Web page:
After 50 years, the mayor of Short Street hangs up his tools

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Tony Likirdopulof repairs the soles of a customer’s shoes with a hammer and nails on October 21, 2021 in Lexinton, Ky. Likirdopulof plans to retire after 54 years of operating his business, Tony’s Shoe Repair, in downtown town of West Short Street. (Marcus Dorsey / Lexington Herald-Leader via AP)

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No one has ever used “Apple Pay” at Tony’s Shoe Repair, and no one has taken out a credit card. At least not with success. No, for 54 years Tony Likirdopulos took only cash or checks, dutifully entering a 1927 cash register, where the numbers still display like a slot machine.

University of Kentucky men’s basketball posters don’t drop; each stays on the wall until next year’s team is tackled on top, a thick pile now. The only British poster that stands on its own is that of former trainer Tubby Smith, who used to bring his shoes to Short Street. Atlas Finance Co.’s personal loan clock always keeps time behind a dusty window; just below is a 1971 calendar.

Do you feel a theme here at Tony’s Shoe Repair, those yellow letters first etched on glass in 1968 and only slightly chipped today? Nothing has changed in a very long time, not the dull green walls that were once minty, not the pungent smell of leather, shoe polish and the slightest smell of feet, the odors accumulated in dust and paint over decades. Nothing changes here until everything changes, on Friday October 22, when the Landis 1968 sewing machine is unplugged and Tony, now 80, is officially retired. The last shoes left will be donated to charity, and the next set of shoes that customers still brought on Thursday will not be repaired.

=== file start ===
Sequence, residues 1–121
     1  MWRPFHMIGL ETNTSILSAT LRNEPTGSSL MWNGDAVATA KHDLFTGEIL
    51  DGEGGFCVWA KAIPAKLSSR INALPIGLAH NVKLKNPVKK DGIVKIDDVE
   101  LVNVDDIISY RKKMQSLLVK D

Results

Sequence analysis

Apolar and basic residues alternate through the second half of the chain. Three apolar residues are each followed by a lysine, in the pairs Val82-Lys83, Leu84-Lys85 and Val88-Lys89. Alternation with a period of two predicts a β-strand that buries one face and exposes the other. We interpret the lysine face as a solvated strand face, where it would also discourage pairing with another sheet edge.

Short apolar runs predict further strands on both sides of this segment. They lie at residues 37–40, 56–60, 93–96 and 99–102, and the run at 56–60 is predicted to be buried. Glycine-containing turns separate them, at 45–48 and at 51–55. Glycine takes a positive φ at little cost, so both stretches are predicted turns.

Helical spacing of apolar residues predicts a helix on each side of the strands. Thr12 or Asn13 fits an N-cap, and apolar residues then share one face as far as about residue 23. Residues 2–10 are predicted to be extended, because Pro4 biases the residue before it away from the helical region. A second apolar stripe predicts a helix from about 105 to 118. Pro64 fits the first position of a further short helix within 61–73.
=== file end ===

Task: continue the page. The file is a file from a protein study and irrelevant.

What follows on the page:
“I don’t know what Jerry Tipton is going to do now,” Tony jokes of the Herald-Leader basketball writer and Tony’s Shoe Repair customer. “But I thank everyone. Good health.”

Tony is happy, he will take care of his wife and see his granddaughters more often in Columbus. His customers are distraught at the idea of ​​Short Street without him.

“This is a tragic loss to the community,” said William “Sarge” Farris, who stopped by the store to say goodbye. “I don’t know what we’re going to do. It can never be replaced.

John Harris brought a pair of leather shoes to get soled. He’s been coming to Tony’s since the 1990s, when he first moved here to work for the UK. “He’s just a wonderful human being,” he said. “You can tell just by talking to him.”

Tony has chatted with thousands of people whose names he can’t remember and repaired thousands and thousands of shoes, although he never knew exactly how many. In an era when many move from job to job, he stayed in the same job in the same office for half a century beset by all the disruptions except the need to put new insoles on the shoes.